Once upon a journalistic time— the 1970s—South Florida newspapers were among the most successful in the country. The Miami Herald, owned by the Knight Ridder company, had a statewide presence, with several bureaus, and influential readers in most major Florida cities. In Broward County alone it had a staff of 70 based in an office on Sunrise Boulevard.
It has been 42 years since the World War II vintage P-51 fighter plane crashed in flames in the Mojave Desert of California. And almost that long since Gold Coast magazine assured the world that Ken Burnstine was really dead. He still is, 36 years later. And yet his legend lives on.
Gulfstream Media Group’s magazines don’t usually run letters to the editor because, frankly, we don’t get many. Most of our stories are not controversial, at least not enough to cause readers to take pen in hand.
Washington, Dec. 8, 1941. The alleged Japanese attack yesterday on the United States naval base at Pearl Harbor has resulted in cries around the country for President Franklin Roosevelt to ask Congress to declare war against the Empire of Japan and guarantee an inevitable triumph.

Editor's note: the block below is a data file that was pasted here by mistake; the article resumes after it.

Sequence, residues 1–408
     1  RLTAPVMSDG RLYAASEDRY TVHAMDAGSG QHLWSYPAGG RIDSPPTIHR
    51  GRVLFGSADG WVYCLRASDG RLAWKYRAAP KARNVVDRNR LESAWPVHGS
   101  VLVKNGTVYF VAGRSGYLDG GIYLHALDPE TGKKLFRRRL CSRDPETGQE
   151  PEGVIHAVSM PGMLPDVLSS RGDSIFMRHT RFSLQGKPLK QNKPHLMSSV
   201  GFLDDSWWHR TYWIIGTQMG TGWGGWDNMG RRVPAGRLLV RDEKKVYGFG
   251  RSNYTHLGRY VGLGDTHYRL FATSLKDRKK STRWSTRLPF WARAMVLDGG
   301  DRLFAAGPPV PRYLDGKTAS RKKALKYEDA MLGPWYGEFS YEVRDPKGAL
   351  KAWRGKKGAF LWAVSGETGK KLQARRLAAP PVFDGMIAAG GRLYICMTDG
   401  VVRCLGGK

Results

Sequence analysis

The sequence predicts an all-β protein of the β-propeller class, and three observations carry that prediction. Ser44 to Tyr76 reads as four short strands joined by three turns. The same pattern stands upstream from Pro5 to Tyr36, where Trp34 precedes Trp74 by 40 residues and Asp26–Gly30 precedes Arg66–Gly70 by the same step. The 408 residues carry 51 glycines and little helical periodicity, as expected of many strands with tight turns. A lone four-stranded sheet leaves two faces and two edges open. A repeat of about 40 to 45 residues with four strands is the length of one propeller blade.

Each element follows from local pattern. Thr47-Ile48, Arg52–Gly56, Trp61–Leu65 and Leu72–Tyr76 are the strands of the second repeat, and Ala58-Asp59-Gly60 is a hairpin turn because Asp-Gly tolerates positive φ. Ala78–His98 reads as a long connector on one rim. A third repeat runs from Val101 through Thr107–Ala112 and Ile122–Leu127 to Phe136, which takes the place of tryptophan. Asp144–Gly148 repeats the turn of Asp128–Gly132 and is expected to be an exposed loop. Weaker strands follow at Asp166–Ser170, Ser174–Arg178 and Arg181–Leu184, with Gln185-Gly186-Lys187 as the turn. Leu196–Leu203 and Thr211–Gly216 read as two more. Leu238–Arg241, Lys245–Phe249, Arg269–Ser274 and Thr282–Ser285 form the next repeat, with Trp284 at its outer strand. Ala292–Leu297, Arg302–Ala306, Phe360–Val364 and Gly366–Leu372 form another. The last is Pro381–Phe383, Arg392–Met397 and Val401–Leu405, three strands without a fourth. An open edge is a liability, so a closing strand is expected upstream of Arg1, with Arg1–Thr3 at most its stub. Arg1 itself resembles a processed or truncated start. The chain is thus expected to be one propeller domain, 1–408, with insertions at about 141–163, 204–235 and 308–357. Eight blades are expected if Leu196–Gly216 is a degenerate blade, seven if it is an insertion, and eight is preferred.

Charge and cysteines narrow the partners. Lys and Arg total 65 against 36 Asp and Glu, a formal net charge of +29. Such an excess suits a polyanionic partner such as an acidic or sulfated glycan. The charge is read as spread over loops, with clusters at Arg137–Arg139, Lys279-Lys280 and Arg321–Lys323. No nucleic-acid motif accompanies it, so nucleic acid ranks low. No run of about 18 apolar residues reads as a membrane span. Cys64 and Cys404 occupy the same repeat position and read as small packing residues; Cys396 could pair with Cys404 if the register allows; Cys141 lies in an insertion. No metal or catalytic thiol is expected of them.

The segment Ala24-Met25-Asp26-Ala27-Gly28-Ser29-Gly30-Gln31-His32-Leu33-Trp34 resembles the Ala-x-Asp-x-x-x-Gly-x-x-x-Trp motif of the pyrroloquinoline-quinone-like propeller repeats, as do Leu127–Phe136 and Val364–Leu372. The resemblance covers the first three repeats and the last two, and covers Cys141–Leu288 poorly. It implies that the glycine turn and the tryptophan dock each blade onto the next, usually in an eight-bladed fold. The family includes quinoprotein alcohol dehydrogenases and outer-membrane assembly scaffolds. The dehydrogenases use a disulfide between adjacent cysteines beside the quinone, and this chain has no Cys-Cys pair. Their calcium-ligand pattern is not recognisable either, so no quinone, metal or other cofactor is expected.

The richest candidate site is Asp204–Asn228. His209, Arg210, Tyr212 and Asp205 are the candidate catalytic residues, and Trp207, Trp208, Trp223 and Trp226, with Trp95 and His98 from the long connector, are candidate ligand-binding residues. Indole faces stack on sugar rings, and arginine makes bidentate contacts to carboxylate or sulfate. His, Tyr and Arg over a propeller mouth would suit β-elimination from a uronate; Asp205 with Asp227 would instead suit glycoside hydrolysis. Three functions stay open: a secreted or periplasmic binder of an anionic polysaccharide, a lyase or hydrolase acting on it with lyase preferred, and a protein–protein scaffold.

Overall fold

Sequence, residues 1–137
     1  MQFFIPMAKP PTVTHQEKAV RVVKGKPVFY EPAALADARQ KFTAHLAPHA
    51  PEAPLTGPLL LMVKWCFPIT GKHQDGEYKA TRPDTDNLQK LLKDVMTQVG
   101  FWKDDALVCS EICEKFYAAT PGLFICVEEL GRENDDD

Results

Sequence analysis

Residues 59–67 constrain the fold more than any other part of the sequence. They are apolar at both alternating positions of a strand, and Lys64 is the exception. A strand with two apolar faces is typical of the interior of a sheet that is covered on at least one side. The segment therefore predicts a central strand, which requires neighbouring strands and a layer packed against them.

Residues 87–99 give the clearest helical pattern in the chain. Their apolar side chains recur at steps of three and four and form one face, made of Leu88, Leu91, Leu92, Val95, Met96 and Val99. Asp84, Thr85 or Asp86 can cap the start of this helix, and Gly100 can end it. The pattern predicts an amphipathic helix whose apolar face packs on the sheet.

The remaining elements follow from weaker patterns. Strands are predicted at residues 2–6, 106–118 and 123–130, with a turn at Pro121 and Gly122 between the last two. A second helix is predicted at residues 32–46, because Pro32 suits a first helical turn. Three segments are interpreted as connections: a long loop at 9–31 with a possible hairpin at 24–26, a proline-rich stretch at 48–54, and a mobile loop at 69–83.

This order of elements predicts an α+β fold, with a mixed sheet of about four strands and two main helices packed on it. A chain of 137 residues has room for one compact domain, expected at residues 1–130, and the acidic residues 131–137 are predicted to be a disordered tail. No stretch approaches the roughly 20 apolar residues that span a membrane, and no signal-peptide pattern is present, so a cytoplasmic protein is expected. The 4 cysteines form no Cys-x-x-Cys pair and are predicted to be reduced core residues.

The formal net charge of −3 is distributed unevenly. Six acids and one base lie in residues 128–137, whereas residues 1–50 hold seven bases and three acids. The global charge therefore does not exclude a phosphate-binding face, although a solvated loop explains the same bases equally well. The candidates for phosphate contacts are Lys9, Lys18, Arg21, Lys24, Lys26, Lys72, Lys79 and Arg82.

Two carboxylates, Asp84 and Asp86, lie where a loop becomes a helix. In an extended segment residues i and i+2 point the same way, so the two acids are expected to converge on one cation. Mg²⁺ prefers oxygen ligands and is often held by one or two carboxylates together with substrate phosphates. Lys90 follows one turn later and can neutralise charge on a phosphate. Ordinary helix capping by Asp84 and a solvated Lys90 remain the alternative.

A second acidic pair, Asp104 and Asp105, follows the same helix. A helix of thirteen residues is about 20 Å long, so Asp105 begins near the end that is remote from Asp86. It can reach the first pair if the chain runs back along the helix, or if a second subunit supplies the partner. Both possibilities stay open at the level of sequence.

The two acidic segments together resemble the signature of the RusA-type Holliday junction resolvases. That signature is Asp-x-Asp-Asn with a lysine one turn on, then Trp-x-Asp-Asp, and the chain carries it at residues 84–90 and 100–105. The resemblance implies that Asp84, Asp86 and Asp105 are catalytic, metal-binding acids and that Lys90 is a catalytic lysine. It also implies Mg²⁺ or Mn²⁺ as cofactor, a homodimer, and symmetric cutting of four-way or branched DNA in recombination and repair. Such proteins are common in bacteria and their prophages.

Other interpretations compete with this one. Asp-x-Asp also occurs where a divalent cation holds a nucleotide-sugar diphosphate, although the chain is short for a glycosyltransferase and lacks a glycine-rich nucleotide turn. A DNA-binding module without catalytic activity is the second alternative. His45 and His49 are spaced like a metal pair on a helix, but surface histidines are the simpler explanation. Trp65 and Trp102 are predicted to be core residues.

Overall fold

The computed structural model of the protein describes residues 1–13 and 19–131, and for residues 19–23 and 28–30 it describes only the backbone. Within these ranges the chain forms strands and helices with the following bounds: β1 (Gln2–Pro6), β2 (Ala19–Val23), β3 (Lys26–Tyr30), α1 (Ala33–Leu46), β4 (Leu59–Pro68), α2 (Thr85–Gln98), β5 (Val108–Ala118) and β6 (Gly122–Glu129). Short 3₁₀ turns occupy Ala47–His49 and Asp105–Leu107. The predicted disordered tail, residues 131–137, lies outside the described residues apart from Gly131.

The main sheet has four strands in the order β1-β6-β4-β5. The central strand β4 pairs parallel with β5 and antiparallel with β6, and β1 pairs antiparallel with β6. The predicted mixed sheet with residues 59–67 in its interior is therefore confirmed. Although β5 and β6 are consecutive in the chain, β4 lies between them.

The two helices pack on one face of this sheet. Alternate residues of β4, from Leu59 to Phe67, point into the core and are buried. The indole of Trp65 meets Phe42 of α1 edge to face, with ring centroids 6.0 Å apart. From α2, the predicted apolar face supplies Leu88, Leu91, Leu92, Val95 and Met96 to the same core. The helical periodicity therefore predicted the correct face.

Last month the lead editorial in a Sunday edition of the Sun- Sentinel was one for the ages. It dealt with the extraordinary reaction by some South Florida political leaders to an extraordinary situation.
The frequency of fatalities in the first weeks of the Brightline service should come as no surprise—and we suspect it did not come as a surprise to the FEC Railway, whose tracks the new service uses.
When we arrived in South Florida in 1970, there were only two lifestyle magazines between Miami and Vero Beach.
The release of the long-sealed files on the murder of President Kennedy has produced little new information.
- 1 of 4